Micro-apartments: The anti-McMansions
The young-and-single set, retirees seeking affordable homes in costly cities
Move over McMansions: These days, pint-sized, micro-apartments are all the rage.
Typically ranging between 180 and 300 square-feet, these tiny apartments are becoming increasingly popular among the young-and-single set and even some retirees, seeking affordable places to live in the nation's costliest cities.
Nowhere is the micro trend hotter than in Seattle. More than 40 micro-apartment developments have been built in the city in the past three years, according to Jim Potter, chairman of Kauri Group, a Seattle-based developer. Many of these apartment buildings offer shared patios, roof decks and even communal kitchens. (Zoning laws in Seattle allow up to eight apartments to share one kitchen).
Other emerging micro-apartment hotspots include San Francisco, Boston, Providence, R.I., New York and Portland, Ore., where Kauri is building a new complex.
The key selling point is affordability. In Seattle, 250-square-foot apartments rent for under $800 a month, almost half the average $1,400 people pay for newly built studios of 400 square feet or more in the city, according to Potter.
In San Francisco, Patrick Kennedy of micro-apartment developer Panoramic Interests, rents 295-square-foot apartments for $1,600, about a third less than the going rate for newly built studios in the area.
Living in tiny spaces requires big lifestyle adjustments. When Aron Susman moved his commercial real estate information company, TheSquareFoot, from Houston to New York, the 30-year-old bachelor went from a 1,700-square-foot apartment to just over 200 square feet.
"At first, it was shocking," he said. "I had a closet in Houston that, I swear, was bigger than my whole apartment now. It causes you to go out and do things. I spend less time in my apartment."
He is able to walk to his office where he usually works late. During the evenings, he often meets up with friends, most of whom live in the neighborhood.
New York has always been known for its shoebox-sized apartments. But its mayor, Michael Bloomberg, wants to add to the stock of small apartments. He recently sponsored a micro-apartment design competition aimed at combating the city's shortage of affordable places for its one- and two-person households.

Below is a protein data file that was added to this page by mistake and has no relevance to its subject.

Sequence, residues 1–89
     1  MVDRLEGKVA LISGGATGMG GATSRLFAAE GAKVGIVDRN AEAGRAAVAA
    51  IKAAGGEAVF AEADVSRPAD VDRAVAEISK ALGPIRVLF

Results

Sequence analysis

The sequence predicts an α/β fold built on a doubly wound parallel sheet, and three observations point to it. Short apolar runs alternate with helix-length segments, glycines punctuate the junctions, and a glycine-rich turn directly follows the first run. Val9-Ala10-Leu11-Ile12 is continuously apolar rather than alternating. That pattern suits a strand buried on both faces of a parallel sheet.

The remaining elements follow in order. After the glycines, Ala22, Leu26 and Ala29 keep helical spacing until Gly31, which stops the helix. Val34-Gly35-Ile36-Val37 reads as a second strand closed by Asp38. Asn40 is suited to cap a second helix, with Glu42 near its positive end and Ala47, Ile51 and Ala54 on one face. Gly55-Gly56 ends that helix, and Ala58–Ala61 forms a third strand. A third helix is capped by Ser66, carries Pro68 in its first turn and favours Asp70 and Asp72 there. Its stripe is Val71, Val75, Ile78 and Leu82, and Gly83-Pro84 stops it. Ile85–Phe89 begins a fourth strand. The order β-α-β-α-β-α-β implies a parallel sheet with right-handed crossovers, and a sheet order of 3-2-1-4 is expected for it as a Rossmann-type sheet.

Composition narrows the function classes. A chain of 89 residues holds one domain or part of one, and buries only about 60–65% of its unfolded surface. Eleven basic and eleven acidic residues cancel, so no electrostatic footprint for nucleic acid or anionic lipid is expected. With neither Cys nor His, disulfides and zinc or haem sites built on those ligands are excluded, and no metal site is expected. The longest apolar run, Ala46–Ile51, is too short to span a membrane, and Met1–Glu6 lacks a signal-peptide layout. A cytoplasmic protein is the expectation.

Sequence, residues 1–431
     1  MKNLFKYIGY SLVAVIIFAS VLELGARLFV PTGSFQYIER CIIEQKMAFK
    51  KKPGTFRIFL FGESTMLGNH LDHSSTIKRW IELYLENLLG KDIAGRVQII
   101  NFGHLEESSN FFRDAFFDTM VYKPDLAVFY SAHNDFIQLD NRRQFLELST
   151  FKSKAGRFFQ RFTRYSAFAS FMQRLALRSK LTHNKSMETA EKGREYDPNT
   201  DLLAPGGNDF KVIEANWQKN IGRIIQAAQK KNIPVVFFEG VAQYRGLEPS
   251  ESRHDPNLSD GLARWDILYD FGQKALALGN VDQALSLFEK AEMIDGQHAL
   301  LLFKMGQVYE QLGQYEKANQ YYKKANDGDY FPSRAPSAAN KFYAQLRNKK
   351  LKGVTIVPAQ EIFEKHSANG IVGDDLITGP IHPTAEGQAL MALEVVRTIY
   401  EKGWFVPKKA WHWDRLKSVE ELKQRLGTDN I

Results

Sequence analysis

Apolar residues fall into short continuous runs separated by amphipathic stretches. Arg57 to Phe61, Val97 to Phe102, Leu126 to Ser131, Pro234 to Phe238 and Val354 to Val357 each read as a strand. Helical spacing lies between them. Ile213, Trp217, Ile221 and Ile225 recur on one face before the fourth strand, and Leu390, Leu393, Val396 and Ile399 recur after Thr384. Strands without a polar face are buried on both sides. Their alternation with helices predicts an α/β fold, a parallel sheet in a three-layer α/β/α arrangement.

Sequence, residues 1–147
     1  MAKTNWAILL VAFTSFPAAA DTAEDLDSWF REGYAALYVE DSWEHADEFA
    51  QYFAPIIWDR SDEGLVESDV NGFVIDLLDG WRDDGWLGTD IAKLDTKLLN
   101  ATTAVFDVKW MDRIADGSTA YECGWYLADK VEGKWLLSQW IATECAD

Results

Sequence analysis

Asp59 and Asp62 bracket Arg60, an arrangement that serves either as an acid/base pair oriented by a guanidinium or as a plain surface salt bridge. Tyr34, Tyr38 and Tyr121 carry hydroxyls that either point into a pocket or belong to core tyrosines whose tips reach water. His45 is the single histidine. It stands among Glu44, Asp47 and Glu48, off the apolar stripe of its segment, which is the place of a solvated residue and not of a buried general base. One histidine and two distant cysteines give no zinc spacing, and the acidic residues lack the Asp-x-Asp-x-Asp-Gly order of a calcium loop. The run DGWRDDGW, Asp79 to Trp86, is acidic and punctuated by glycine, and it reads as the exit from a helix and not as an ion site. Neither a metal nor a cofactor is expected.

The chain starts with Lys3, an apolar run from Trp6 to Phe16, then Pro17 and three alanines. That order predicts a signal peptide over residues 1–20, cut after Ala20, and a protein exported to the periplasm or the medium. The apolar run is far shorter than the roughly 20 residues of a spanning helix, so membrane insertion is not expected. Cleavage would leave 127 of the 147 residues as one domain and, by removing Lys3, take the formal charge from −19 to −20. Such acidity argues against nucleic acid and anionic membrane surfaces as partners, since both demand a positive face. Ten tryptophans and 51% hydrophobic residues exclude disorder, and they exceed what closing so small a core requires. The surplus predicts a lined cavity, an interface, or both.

In some Manhattan neighborhoods, upwards of 70 percent of households consist of singles or couples, according to Eric Bunge, a partner in of nARCHITECTS.
The city recently awarded Bunge's firm a contract to develop a complex of 55 micro-apartments ranging from 250- to 370-square feet. When it opens in 2015, it will be the first micro-apartment complex built in Manhattan since 1955, when the city banned new studios of under 400 square feet. Rents will probably be in the low $2,000s and the building will offer communal living areas, including dens, a rooftop garden, and a fitness room, he said.
Many modern micro-apartments have innovative, efficient designs marked by flexible features. Dining room tables turn into beds. Excess vertical spaces hold shelves. Banquette lids open for storage space.
Panaromic's recently completed 23-unit building includes a "Murphy Bed" that flips up and leaves a dining table behind that can seat five people, a work area, storage, exterior space, and Internet access -- all within 295 square feet. The kitchens have refrigerators, dishwashers and microwaves, but no conventional ovens.
Somewhat surprisingly, many seniors have moved into the new micro-apartments, said Potter. These empty-nesters seek to downsize from their full-sized homes, looking for an affordable, less high-maintenance option.
No matter what your age, micro-apartments can take some getting used to -- unless you're already living in tight quarters. "We had a Japanese newspaper come and write a story about our apartments," said Kennedy. "Their conclusion was 'This is not a small space.'"
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